Forum for Science, Industry and Business

Sponsored by:     3M 
Search our Site:

 

Risky metabolism: Risk-taking behaviour depends on metabolic rate and temperature in great tits

30.09.2014

Animals often differ in their behavioural response to risky situations such as exposure to predators.

Researchers from the Max Planck Institute for Ornithology now found in a long-term study on different populations of great tits that risk-taking behaviour correlates with both metabolic rate and ambient temperature. High metabolic rates and low temperatures were associated with high risk-taking behaviour, as in these scenarios birds were more likely to approach potential predators.


In great tits the metabolism effects their risk behaviour

© Jan Wijmenga

The readiness to take a risk is to a great extent influenced by external circumstances. A recent study showed that men living singly are more risk-prone than those living in a steady relationship. Individual differences in risk-taking behaviour are present not only in humans but also in other vertebrates and even in invertebrates such as the Beadlet anemone.

However, not only external factors can explain these differences in behaviour, but also the basal metabolic rate of the body. For example, in great tits there are large individual differences in basal metabolic rate are consistent over extended periods of time (e.g. years).

A team of researchers from the Max Planck Institute for Ornithology in Seewiesen now found in a long-term study in great tits a relationship between risk-taking behaviour and metabolic rate. Moreover, they investigated how risk-taking behaviour depends on environmental factors.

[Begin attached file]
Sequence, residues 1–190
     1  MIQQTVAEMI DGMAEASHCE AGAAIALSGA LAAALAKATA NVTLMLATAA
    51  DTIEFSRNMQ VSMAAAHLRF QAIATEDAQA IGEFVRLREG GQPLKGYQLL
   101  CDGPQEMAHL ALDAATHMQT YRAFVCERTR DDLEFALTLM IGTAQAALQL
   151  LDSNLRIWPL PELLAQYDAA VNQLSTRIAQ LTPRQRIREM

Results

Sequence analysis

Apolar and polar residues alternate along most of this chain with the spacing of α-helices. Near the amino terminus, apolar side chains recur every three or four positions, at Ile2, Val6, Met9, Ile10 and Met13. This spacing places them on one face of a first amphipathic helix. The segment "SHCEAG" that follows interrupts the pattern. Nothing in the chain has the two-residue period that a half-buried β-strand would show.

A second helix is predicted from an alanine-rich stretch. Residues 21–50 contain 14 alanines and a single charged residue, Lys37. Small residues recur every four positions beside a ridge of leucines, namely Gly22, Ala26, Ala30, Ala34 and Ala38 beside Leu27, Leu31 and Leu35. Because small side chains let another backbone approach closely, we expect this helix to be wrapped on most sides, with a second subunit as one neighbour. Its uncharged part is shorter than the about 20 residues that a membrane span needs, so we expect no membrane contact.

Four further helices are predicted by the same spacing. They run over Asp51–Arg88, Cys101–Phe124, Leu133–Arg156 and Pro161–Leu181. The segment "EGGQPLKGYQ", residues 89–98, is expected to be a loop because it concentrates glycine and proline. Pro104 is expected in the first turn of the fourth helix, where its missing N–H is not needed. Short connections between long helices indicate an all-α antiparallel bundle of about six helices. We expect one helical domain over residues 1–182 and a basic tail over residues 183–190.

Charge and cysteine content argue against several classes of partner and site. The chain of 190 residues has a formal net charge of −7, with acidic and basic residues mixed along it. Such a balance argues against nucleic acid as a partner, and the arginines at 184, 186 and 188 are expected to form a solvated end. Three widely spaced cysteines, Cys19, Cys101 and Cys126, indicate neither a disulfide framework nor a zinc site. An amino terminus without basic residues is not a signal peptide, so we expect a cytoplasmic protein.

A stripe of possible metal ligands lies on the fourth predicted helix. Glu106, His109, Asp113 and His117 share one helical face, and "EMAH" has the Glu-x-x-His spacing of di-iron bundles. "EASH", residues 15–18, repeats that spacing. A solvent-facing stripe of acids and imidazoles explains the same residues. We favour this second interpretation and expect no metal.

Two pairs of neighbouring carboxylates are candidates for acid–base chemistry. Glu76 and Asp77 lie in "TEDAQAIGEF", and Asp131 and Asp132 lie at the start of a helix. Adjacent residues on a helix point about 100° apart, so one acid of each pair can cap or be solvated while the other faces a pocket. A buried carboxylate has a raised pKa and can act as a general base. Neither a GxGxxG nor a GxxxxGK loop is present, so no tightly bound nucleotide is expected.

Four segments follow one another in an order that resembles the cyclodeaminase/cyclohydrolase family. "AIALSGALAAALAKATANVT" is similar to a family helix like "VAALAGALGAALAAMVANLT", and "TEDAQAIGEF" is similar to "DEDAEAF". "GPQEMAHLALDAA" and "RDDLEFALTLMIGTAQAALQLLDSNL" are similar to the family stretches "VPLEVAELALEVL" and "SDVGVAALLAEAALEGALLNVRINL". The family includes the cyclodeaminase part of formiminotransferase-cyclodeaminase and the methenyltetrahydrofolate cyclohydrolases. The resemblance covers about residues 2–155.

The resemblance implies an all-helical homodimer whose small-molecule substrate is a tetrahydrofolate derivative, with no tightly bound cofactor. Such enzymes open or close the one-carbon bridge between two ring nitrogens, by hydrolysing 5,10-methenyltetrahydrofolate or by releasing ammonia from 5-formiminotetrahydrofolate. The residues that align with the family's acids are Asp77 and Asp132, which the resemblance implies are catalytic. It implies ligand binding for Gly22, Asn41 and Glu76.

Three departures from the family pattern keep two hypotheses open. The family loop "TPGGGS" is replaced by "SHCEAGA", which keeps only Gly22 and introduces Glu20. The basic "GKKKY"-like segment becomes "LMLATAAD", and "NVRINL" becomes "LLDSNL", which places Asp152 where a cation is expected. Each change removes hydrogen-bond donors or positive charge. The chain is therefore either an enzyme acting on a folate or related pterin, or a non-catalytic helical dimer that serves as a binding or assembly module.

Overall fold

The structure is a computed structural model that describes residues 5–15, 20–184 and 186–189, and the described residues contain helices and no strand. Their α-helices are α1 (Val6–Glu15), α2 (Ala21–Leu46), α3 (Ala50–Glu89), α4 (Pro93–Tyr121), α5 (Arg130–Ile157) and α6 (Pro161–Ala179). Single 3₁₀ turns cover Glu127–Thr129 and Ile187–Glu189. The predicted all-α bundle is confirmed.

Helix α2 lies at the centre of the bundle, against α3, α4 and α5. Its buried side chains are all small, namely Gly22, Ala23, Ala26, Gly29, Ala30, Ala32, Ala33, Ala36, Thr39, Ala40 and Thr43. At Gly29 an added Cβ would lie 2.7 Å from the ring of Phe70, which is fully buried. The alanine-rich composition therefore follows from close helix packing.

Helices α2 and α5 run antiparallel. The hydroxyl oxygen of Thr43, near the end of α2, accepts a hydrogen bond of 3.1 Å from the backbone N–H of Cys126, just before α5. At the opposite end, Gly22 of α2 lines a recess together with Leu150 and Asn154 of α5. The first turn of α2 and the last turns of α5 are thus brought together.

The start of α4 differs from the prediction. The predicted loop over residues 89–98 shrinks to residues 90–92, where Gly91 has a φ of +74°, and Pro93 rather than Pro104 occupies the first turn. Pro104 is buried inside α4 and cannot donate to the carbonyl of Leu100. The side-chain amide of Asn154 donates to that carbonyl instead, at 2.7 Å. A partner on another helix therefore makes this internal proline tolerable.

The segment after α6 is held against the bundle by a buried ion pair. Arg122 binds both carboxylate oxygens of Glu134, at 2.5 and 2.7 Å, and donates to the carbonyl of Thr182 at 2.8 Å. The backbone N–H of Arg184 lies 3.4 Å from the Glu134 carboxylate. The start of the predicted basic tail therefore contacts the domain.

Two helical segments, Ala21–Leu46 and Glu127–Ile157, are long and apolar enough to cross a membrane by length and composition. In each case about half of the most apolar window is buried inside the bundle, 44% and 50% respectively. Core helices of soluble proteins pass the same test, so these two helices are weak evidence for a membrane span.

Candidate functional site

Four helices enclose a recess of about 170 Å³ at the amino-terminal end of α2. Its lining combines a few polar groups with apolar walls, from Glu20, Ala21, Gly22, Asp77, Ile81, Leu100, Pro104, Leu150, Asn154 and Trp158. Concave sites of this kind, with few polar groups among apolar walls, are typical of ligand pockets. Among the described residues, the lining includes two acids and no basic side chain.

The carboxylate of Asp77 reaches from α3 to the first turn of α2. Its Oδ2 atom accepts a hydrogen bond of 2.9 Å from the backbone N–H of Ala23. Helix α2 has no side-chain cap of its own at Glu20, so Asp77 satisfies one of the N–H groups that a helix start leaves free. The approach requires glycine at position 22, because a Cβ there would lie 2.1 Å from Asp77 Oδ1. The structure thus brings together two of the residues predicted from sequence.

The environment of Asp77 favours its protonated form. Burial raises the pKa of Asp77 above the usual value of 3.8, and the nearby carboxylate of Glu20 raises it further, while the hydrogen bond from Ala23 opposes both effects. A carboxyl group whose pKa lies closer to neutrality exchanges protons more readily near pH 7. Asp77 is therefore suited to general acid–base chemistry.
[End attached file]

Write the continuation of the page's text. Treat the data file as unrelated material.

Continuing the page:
Within the study period of two years they were able to determine the behaviour and metabolic rate of 184 individual great tits from 12 populations between two lakes in Upper Bavaria, the “Ammersee” and the “Starnberger See”. The birds were captured when roosting inside their nest boxes and brought to the lab to measure metabolic rates. The birds were then equipped with passive transponders, so-called “pit-tags”, and released back to their territories.

There, the researchers installed bird feeders that were fitted with antennas connected to radio frequency identification readers to monitor the movement of great tits. In order to monitor risk-taking behaviour a stuffed model of a sparrowhawk was presented next to the feeders accompanied by playbacks of great tit mobbing calls. With the aid of the transponders, the researchers were able to measure the time that the birds needed to return to the feeder after the disturbance. This measure was then used as a measure for risk-taking behaviour for further analysis.

As a next step the researchers investigated how all these factors were related to each other by means of complex statistical analyses. They first found that the great tits differed in metabolic rate, body mass, and risk-taking behaviour between both study years; in the year when birds had higher metabolic rate, they also showed higher levels of risk-taking behaviour. Additionally, within each year, birds with higher metabolic rates returned to the feeder sooner after being presented with the predator disturbance.

Amazingly, ambient temperature also had an influence on overall risk-taking behaviour; birds tended to take more risks when temperatures were lower “This study shows that variation in risk-taking behaviour is linked to differences in energy constraints. Birds facing higher energetic constraints - either because they have a higher metabolic rate or because low ambient temperatures cause them to spend more energy on thermoregulation – are more willing to forage under “risky” conditions, like when a predator has recently been observed in the area,” concludes Kimberley Mathot, first author of the study. Possibly birds with a high metabolic rate simply cannot afford to delay feeding because of their higher energetic needs, and thus are more willing to take risks.